To this end the Wellington Harbour Sediment Quality Investigation has been conducted to identify the nature, severity and extent of the contamination of harbour-bed sediments, much of which can be attributed to stormwater. Sampling and analysis was funded by Greater Wellington, Wellington City Council and the Hutt City Council. The work allowed an assessment of the harbour’s sediment quality and benthic community health that will provide a scientific basis for future management response in relation to urban stormwater discharges. The work also enables any changes in sediment quality and benthic community health over time to be detected, thereby allowing the ongoing evaluation of urban stormwater management actions directed at maintaining or enhancing the harbour.

Part of the problem of pollutants in the coastal area is discarded human rubbish, generally plastics. Discarded plastic bags and other forms of plastic waste finish up in the ocean – presenting dangers to wildlife and fisheries. Toxic additives used in the manufacture of plastic materials can leach out into their surroundings when exposed to water.

Wellingtonians need to, individually, pollute less. For this there must be social and political will, together with a major shift in awareness, so more people understand and respect their environment and are less disposed to abusing it.At an operational level, standards, regulations, and national and local government participation is needed. The NZ Coastal Policy Statement is key to this.

The Marine Reserve is another practical means of promoting the values of aquatic ecosystems and addressing ecological and cultural concerns relating to stormwater management.

The Council has worked closely with DOC to progress the Marine Reserve while recognising the importance of the Council’s ability to operate its stormwater and wastewater systems.

There is not just one solution to effective stormwater management and improving water quality. It’s a combined approach that includes preventing the contamination of stormwater flowing into the waterways by sewage or anything else, replacing and maintaining the pipe network, public education and behaviour change.

2 comments:

  1. Jason Christensen, 29. August 2009, 12:29

    Thanks for the article it was very informative. In fact, in some ways it painted a pretty picture. The problem is it’s not all that pretty really is it?

    That article told me that yes, GWRC intend to clean things up, and we’ve come along way since the 1970’s. Sure, that’s a no brainer. I’m happy that some effort is being made.

    Resource consents as based on what information is available, and what guidelines are currently set for tolerances of any one contaminant. Would that not be a fair comment? This being the case, in some situations it is very obvious that lack of knowledge in many of these key areas sets these limits far too high, or assumptions are made on what is deemed a tolerable limit due to a complete lack of knowledge all together. Setting limits on what might be tolerable for humans at any one time does not mean that those limits being consistantly pumped into our marine environment are tolerable to that environment as a whole.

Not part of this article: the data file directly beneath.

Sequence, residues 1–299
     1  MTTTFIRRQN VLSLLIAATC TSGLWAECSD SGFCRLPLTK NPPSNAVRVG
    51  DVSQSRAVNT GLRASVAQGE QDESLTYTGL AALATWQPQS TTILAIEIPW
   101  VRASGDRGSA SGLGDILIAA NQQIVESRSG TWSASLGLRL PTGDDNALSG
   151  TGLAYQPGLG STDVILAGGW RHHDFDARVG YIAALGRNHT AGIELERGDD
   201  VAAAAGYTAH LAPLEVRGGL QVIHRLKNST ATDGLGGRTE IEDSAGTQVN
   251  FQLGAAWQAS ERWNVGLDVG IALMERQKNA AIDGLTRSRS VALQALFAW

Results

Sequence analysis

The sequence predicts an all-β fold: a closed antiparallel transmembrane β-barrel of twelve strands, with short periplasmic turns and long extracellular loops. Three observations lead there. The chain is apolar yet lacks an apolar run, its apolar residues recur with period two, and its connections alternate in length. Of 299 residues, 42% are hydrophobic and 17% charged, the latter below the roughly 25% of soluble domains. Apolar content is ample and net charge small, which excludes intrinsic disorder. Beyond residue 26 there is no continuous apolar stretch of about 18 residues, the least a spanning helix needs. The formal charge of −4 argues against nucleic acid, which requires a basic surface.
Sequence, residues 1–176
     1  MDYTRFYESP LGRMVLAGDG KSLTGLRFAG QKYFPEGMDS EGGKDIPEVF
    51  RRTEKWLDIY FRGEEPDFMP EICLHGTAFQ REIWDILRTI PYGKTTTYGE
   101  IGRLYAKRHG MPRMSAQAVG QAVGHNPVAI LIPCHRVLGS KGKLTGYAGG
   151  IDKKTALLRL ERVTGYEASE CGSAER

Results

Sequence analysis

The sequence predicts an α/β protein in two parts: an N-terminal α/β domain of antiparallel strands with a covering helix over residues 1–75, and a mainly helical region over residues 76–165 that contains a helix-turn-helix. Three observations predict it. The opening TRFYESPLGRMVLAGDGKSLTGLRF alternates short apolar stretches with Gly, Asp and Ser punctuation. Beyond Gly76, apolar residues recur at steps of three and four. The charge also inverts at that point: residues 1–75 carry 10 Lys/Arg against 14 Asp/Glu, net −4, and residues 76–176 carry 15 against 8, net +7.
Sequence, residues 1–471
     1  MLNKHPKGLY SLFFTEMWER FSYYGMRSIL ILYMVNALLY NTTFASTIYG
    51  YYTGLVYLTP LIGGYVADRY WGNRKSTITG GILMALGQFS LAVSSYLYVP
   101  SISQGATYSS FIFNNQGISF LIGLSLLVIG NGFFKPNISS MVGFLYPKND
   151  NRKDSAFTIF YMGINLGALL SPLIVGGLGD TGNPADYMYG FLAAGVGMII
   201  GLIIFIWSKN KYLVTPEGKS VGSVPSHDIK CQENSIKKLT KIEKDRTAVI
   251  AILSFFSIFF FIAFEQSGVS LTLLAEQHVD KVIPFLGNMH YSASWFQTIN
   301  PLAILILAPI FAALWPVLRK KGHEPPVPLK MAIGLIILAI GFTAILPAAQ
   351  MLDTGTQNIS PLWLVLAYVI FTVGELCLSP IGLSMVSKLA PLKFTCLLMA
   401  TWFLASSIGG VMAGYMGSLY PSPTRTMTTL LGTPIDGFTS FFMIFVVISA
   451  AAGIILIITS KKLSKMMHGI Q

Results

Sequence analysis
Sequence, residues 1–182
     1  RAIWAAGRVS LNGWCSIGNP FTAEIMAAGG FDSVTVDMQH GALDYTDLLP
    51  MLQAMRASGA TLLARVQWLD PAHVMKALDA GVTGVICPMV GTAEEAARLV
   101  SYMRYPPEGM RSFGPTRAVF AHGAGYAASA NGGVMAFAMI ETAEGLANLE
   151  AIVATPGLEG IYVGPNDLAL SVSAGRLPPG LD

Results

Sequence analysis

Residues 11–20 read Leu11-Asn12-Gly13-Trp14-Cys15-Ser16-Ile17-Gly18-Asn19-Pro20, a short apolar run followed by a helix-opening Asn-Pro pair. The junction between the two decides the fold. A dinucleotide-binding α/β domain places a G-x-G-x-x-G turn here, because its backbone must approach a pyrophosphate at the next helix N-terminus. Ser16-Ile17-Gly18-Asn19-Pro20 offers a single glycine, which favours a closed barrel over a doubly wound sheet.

I absolutely agree that more personal responsibility should be put into creating a communal awareness of how our interactions on our invironment affect it. Many are becoming aware, and it is through such debates as this that that awareness comes about.

    I believe Mr. Mikoz’s concerns outline this issue. I also believe his comments should not be disregarded. This is evident in the comment above regarding land run off. This also includes sediment run off, which doesn’t just pollute, it smothers. Once an area is smothered nothing grows there. The area becomes barren. There is a very obvious example of this at Glenburn Station on the Wairarapa coast where a natural land slip has flowed into a stream and then on into the sea. For several hundred metres in the direction of current flow along this coast a grey sludge can be seen. There is no life there. No paua, crayfish, fish, plants or anything else. It is incredibly destructive.

    Areas that have already been destroyed are the areas where research should be being done to develop avoidance planning and the setting of tolerances in order to prevent man made examples of the above. These should be the guidelines adhered to in order to grant resource consents. Researching areas that are currently healthy or potentially under threat are not areas that should be used as models. They are the areas that must be monitored. What is learned from the areas already severly threatened or destroyed is what should be put in place to avoid it happening where it can be prevented, and often it can.

    “The Council appreciates there are some issues with our wastewater and stormwater networks, and these systems occasionally impinge on water quality in the harbour and around the south coast. However these issues aren’t specific to Wellington. They are common to any urban environment in New Zealand or around the world.”

    Calling upon people to accept that we aren’t the only ones in this country, or the world that discharge waste in this way is a cop out. People have made it clear that they do not want this to happen. We are in effect “crapping in our own nest”, and it’s time to say it is no longer acceptable. We now know better.

    Wellington prides itself on its people, and promotes an educated city. How about we get educated and start to work harder at making our city the first in the world to say we won’t stand for this.

    Let’s clean it up.

     
  2. Unframe, 16. September 2009, 17:08